RW: Lisa Calderon of the Colorado Latino Forum helped organize the protests. She said, "This is not about a sign. It is about people being pushed out of a community they lived in for years." And, she has placed blame on city leaders. "Our political leaders have failed us and left us behind." So, let's wrap up on this idea of displacement. What exists for someone right now, today, if they are getting pushed out of Denver because it's too expensive?

AB: Yeah. So, I want to be very clear on displacement. Displacement is not in the home ownership category. It's in the rental category and someone cannot afford what their landowner is jacking up the price with, right? And so, that is something that we are working very hard on. Matter of fact, you know, our city council is working on a fund, a legal fund to help folks who have been evicted and displaced, and that's a real issue. But again, we as government cannot solve that in its own. This has to be a community conversation. We need to know the individuals who are in these situations. We need to all be working together to find that. But I share Lisa's and I share everyone's concern with displacement and figuring out how we address that issue. 

The other issue is, these, you know, these affordable housing units that have been deed restricted for 20 years, are now coming off that deed restriction and going onto the market and will be sold. And, what the city has done has moved into this first right of refusal. So, every deed restricted property that is now coming off the market, the city can purchase. And so that's one way that I think we're fighting that displacement issue in my district in a very real fashion.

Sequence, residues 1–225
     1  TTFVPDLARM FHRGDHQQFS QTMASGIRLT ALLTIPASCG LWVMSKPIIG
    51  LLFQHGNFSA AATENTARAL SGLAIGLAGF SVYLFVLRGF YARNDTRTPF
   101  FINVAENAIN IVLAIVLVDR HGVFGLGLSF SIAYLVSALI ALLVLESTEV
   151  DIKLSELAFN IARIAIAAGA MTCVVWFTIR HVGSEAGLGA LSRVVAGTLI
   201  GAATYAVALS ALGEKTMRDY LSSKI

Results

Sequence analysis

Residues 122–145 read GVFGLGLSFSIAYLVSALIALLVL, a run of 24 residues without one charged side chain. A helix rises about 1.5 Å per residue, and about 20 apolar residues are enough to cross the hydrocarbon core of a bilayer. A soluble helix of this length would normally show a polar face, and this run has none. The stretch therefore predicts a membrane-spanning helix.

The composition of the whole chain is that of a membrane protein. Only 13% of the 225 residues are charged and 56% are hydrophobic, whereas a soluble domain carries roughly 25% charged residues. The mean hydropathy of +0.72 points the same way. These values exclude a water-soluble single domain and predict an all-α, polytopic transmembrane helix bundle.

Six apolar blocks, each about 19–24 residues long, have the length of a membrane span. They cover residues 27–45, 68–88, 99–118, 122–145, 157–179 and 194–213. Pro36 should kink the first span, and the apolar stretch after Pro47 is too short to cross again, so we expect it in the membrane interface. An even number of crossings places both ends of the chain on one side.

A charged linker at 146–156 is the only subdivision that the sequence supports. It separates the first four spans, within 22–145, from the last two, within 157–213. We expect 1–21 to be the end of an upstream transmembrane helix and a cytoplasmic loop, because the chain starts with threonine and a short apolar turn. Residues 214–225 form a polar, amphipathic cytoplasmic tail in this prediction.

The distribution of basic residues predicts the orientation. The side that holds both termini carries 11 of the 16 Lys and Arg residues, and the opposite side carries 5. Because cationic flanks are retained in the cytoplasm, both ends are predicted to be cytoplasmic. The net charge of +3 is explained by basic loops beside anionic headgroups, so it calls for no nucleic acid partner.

RW: One last thing. Organizers from the protests said they would form a new coalition to fight gentrification. Their goals include supporting future city council and mayoral candidates who will, "Put a curb on gentrification." They've also called on the mayor and the council to get rid of the so called urban camping ban that was legislation youth sponsored, and to ditch the I-70 project, a plan you've endorsed. How do you see those issues, if at all, relating to this conversation?

AB: Yeah, I think now what you're saying is there are a lot of issues all over the city and folks are beginning to pile on in front of this ink!! Coffee deal. Which was unfortunate, because I think, you know, the owner and ink!! need to be held responsible for, and, why they put this out, and their thinking, and all that kind of stuff. But now we see all the other issues in the city kind of caked up upon that which I see is unfortunate. One, I think no one counts a person, no one mayor can curb gentrification. It takes an entire community. I think, two, I-70 is a fifteen year project, a state issued project, a federal project that is more complex than one individual. And so I mean these are, I think these are folks who are frustrated with some things in the City and unfortunately they're using this as a platform to talk about it.

RW: Councilman, thanks for your time. 

AB: Thank you.